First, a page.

For evaluating functional analysis data, the reversal design
does not require a return to baseline.
is most efficient.
is ideal when experimental conditions are not easily discriminated.
requires a rapid alternation of conditions.

ideal when condition not easily discriminated.

For functional analysis, the multielement design is used most often. It is an efficient design that doesn't require lengthy exposure to a single experimental condition. The reversal design is better suited for when conditions are not easily discriminated. That is, lengthy exposure to the experimental conditions fosters discrimination more so than does alternating conditions each session. (Alberto & Troutman, 2003, pp. 179-184, 203-209; Iwata et al, 2000, p. 68)

9

Which characterizes the ACADEMIC DEMAND condition in Iwata et al, (1982/1994)?
periodic tasks, "Touch your nose," contingent termination of task
access to toys, isolate or social activities allowed, self-injury ignored
individual plays, no structure, "Please stop" when behavior occurs
access to toys, subject only one present, no programmed consequence

periodic tasks, "Touch your nose," contingent termination of task


SOCIAL DISAPPROVAL-The therapist provides toys but no structure; attends to subject only contingent upon self-injury. Makes statements of concern (e.g., "Don't hurt yourself.").
PLAY-This is the control condition. It is an enriched environment with lots of attention available, no demands, and no attention for self-injury.
ACADEMIC DEMAND-Periodic prompts are given to work. Self-injury results in termination of demand to do the task.
ALONE-Subject is alone and observed surreptitiously.
(Cooper, Heron, & Heward, 2007, p. 504; Iwata et al, 1982/1994; Iwata et al, 2000)

10

The four conditions used by Iwata et al, (1982/1994) are
social disapproval, academic demand, unstructured play, and alone.
play, academic demand, attention, escape.
social disapproval, attention, control, and alone.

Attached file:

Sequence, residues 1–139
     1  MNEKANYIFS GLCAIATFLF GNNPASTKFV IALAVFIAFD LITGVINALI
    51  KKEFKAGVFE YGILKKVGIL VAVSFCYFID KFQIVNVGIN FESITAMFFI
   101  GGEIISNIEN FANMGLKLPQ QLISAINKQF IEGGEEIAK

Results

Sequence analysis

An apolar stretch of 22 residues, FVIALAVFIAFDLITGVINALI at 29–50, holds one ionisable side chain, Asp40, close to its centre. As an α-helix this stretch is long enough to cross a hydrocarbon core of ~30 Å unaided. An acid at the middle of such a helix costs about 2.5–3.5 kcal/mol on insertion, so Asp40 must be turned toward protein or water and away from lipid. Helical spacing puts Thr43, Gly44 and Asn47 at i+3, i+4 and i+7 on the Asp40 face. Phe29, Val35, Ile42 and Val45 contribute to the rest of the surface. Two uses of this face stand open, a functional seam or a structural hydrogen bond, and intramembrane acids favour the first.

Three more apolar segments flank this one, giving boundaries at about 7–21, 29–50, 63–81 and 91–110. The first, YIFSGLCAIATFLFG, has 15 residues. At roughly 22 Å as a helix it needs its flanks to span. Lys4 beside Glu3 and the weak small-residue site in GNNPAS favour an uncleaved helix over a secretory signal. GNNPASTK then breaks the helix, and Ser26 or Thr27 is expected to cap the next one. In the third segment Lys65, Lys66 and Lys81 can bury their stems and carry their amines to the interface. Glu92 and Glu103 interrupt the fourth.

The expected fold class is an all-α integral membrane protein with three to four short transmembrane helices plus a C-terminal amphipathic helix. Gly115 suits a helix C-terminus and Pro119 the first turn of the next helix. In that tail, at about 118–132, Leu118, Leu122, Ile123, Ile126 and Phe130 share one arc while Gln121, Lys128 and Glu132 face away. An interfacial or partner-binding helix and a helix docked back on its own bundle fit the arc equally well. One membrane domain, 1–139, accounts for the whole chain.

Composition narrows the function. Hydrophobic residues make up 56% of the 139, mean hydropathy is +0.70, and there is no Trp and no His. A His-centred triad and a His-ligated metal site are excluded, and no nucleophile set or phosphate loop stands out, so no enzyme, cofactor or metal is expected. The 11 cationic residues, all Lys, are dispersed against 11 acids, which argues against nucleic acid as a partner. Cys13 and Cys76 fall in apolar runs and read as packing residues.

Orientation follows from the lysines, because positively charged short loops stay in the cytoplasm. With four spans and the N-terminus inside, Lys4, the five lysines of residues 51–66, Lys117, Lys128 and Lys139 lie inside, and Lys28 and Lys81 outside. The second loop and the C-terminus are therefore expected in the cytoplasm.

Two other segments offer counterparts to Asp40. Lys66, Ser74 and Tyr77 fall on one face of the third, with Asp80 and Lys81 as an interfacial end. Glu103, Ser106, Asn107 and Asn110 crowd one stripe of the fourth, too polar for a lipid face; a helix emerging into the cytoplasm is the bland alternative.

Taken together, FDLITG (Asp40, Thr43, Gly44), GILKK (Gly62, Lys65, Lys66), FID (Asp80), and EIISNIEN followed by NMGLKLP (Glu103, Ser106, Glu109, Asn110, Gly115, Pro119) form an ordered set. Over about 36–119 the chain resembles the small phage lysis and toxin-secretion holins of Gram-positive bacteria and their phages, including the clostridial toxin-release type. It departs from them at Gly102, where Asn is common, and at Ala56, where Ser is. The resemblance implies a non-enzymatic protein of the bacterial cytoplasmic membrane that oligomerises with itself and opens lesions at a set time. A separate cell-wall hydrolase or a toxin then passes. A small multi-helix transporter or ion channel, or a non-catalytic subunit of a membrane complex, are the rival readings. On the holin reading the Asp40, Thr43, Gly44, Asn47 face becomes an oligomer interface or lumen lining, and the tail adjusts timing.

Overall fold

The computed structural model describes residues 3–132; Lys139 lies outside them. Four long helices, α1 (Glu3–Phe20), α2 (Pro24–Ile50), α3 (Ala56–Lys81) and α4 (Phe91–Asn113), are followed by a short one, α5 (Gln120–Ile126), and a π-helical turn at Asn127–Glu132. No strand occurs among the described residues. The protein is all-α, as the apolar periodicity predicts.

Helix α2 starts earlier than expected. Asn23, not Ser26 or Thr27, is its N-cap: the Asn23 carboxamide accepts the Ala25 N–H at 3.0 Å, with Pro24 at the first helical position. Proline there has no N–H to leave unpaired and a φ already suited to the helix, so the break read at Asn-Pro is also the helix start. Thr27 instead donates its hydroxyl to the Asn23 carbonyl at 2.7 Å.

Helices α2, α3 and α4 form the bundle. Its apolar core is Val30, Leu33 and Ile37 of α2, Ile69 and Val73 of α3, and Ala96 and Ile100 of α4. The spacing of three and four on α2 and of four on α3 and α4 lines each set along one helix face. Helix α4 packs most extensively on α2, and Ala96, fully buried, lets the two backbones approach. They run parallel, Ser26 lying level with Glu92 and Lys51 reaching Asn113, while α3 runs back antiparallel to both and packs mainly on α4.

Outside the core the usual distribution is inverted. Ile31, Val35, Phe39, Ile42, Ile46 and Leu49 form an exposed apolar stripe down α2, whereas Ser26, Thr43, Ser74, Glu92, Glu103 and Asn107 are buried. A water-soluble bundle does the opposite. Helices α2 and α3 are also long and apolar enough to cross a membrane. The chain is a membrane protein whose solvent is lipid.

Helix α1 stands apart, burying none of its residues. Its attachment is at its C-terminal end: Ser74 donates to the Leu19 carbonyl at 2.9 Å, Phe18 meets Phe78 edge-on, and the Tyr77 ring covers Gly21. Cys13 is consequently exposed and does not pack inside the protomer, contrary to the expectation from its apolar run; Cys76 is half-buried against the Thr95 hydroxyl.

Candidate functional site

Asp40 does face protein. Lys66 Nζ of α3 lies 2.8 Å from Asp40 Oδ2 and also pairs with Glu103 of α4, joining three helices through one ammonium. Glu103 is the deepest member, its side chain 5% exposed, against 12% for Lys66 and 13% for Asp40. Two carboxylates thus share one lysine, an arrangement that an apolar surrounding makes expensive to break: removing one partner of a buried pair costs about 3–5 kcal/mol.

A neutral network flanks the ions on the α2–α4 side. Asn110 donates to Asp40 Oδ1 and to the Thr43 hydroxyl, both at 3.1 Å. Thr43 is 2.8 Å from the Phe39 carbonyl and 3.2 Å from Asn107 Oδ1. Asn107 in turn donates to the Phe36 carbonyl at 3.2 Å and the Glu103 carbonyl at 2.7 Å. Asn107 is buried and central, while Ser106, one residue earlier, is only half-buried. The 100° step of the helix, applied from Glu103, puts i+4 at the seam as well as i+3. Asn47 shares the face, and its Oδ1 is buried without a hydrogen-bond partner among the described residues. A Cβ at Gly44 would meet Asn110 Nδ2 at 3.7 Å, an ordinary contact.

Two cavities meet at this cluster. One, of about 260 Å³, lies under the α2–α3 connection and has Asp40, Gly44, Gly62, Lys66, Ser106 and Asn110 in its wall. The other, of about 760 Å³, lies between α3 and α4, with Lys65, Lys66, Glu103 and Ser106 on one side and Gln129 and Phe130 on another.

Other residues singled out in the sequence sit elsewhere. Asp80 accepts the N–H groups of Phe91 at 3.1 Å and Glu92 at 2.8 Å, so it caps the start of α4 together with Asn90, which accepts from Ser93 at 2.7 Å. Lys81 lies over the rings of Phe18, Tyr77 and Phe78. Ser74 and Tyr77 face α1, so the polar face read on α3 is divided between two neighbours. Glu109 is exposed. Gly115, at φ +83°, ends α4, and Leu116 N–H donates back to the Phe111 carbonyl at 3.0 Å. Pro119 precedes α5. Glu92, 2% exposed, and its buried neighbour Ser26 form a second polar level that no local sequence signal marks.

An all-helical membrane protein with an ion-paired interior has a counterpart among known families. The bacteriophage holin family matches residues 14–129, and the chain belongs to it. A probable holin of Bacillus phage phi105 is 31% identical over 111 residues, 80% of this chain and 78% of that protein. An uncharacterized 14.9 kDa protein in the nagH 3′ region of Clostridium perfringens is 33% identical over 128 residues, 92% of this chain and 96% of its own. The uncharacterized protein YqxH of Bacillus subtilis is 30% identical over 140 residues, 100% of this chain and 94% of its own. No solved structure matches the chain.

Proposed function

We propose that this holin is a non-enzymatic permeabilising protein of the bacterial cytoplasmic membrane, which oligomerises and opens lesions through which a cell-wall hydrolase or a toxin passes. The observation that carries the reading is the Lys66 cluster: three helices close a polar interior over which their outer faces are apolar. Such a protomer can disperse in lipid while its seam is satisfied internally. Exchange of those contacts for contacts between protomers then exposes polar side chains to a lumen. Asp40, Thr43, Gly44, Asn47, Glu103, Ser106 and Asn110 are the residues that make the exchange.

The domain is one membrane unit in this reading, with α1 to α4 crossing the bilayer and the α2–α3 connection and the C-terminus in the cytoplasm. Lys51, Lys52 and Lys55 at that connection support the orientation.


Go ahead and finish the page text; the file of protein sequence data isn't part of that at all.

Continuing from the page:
positive reinforcement, negative reinforcement, automatic reinforcement, control.

social disapproval, academic demand, unstructured play, and alone.

11

A "tangible condition" is sometimes used in functional analysis to determine
if access to an object contingent upon a behavior is a function.
if removal of an object contingent upon a behavior is a function.
if access to a social interaction contingent upon a behavior is a function.
which items are reinforcers and should be used in social disapproval and academic demand conditions.

if access to an object contingent upon a behavior is a function.

12

Which experimental designs are typically used to analyze functional analysis data?
reversal design and ABAB design
alternating treatments design and changing criterion design
reversal design and multielement design
multielement design and multiple schedule design

reversal design and multielement design

The multielement design (also known as alternating treatments design and multiple schedule design) and reversal design (also known as ABAB design) are typically used. The multielement design involves rapid alternation between two or more conditions. For example, a demand session followed by an attention session, followed by a play session, etc., repeated over several sessions until rates of the target behavior are consistently higher in one or two types of sessions. With the reversal design, a condition is in place until stable responding occurs, followed by baseline, then another condition, etc. (Alberto & Troutman, 2003, pp. 179-184, 203-209; Iwata et al, 2000, p. 68)

13

Which characterizes the PLAY condition in Iwata et al (1982/1994)?
access to toys, isolate or social activities allowed, self-injury ignored
access to toys, individual is the only one present, no programmed consequence
subject plays, therapist provides no direction, "Please stop."
periodic tasks, "Touch your nose," contingent termination of task

access to toys, isolate or social activities allowed, self-injury ignored

SOCIAL DISAPPROVAL-The therapist provides toys but no structure; attends to subject only contingent upon self-injury. Makes statements of concern (e.g., "Don't hurt yourself.").
PLAY-This is the control condition. It is an enriched environment with lots of attention available, no demands, and no attention for self-injury.
ACADEMIC DEMAND-Periodic prompts are given to work. Self-injury results in termination of demand to do the task.
ALONE-Subject is alone and observed surreptitiously.
(Cooper, Heron, & Heward, 2007, p. 504; Iwata et al, 1982/1994; Iwata et al, 2000)

14

Standard functional analysis methodology is not helpful in identifying self-injury maintained by
release of endogenous opiates.
access to cookies when the EO for hunger could not be assessed.
release of anger resulting from demands.
(all of the others)

release of endogenous opiates.

Some self-injury is believed to be maintained by the release of endogenous opiates. Aside from identifying this as the broad category of automatic reinforcement, standard functional analysis methodology does not point to endogenous opiates as a maintaining consequence. (Carr, 1994)

15

Which experimental designs are typically used to analyze functional analysis data?
multielement design and reversal design
multielement design and alternating treatments design
reversal design and multiple baseline design
multiple schedule design and multielement design

multielement design and reversal design